You're printing out the elements, not the sum. The assignment asks for the sum so...you're doing it wrong. You need some call X that sums up all the values and sticks that into a variable for later printing.

The other problem is that std::for_each is not the appropriate algorithm for this task. In fact, it's so much not the appropriate algorithm that it's not even guaranteed to work without a lot of funky hacks to make all copies of the functor you pass in to for_each share the same counter. Maybe this is what your teacher wants you to figure out how to do, but I have a feeling (having experienced the common ability of programming instructors) that he/she doesn't actually know that they're teaching you wrong. The main gist of the problem is that implementations of std::for_each are free to make any number of copies of the function object passed in to recursive or utility calls to produce the standard behavior of for_each.

The appropriate algorithm to use is std::accumulate. In any production code I'd refuse to write, or accept from another team member, use of std::for_each to produce sums. However, I'd probably respond to this situation with a fugly hack and comment mentioning that for_each is the wrong algorithm. Something like so:

struct fugly_functor
  int * summation_variable; // using a local copy will result in correct answer, or a completely wrong answer depending on implementation of for_each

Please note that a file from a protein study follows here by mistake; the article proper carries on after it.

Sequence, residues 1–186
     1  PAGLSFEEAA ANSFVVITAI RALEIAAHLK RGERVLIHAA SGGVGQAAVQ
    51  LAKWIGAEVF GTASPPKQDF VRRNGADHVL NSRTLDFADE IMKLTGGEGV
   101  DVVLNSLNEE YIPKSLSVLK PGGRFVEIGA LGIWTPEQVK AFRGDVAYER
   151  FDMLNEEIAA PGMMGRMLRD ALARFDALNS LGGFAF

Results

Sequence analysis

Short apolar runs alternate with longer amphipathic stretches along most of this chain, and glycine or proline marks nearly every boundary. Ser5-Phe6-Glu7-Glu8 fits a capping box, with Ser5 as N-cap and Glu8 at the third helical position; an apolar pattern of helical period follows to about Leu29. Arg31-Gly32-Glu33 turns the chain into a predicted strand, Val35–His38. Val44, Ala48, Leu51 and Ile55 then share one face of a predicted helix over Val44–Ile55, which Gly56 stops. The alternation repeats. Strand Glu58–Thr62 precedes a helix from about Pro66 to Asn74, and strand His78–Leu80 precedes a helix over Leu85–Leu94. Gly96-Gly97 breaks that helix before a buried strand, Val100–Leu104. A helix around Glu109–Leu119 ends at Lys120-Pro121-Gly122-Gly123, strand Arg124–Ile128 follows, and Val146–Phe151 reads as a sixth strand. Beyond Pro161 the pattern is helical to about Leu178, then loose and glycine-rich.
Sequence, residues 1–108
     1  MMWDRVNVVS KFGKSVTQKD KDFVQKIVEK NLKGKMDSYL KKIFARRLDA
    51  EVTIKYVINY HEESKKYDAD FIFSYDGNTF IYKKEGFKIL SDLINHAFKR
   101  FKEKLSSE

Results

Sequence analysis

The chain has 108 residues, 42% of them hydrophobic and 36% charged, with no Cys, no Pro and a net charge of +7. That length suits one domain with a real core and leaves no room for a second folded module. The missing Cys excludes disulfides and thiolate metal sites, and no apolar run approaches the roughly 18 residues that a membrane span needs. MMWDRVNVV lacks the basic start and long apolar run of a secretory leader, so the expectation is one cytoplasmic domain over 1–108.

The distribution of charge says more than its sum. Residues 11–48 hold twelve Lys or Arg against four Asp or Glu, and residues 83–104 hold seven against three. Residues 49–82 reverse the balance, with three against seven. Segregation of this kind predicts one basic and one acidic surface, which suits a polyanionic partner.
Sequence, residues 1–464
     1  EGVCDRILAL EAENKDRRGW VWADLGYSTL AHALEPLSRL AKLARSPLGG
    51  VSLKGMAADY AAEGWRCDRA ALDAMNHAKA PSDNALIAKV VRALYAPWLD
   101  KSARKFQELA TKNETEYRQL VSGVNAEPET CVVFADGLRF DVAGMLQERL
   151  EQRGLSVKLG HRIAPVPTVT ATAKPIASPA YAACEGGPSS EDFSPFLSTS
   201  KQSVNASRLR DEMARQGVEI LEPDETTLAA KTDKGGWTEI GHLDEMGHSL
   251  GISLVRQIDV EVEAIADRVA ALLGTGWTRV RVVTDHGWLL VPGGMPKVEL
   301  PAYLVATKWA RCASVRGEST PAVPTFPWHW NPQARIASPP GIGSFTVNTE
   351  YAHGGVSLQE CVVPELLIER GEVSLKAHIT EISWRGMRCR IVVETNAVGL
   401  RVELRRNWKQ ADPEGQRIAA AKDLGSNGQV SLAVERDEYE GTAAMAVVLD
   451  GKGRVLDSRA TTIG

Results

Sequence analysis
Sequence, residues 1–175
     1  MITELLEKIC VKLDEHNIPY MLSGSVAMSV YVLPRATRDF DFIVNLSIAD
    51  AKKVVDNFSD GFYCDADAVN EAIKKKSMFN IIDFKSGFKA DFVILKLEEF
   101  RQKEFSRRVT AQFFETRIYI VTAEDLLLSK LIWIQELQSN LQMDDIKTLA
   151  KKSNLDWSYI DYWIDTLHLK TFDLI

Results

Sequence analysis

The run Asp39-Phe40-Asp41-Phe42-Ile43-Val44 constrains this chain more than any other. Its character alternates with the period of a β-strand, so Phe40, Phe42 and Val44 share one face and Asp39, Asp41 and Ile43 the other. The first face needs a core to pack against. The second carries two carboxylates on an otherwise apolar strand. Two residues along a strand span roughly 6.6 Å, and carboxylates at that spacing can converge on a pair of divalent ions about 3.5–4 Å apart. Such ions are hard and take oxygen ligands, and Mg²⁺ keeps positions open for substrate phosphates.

fugly_functor(int * c) : counter(c) {}
  void operator(int x) { *summation_variable += x; }
int my_sum;
std::for_each(array, array+ELEM_COUNT, fugly_functor(&my_sum));
std::cout << my_sum << std::endl;

Then I'd suggest my teacher familiarize himself with the complete set of standard C++ algorithms.

The correct way would look something like so:

int my_sum = std::accumulate(array, array+ELEM_COUNT, 0);
share|improve this answer
+1: I was starting to write almost the same thing (though you did miss my line about: "for_each can be made to work, but it's about like using a screwdriver to pound a square peg into a round hole.") std::accumulate is definitely the right tool for this job. –  Jerry Coffin Oct 28 '10 at 17:29
@Noah, @Jerry: Interesting, so are you saying that Function g = f; while (first !=last) { g(*first); ++first; }; return f; is a valid implementation of for_each? Of course for_each can copy the function object, indeed it has to return a copy, but I always understood that the return would be a value resulting from the application to each iterand in turn . Certainly it's the explicit intention of the original STL that the function object can have state: that's the rationale for returning it. One example given is to count the number of items. Has the standard abandoned this? –  Steve Jessop Oct 28 '10 at 18:27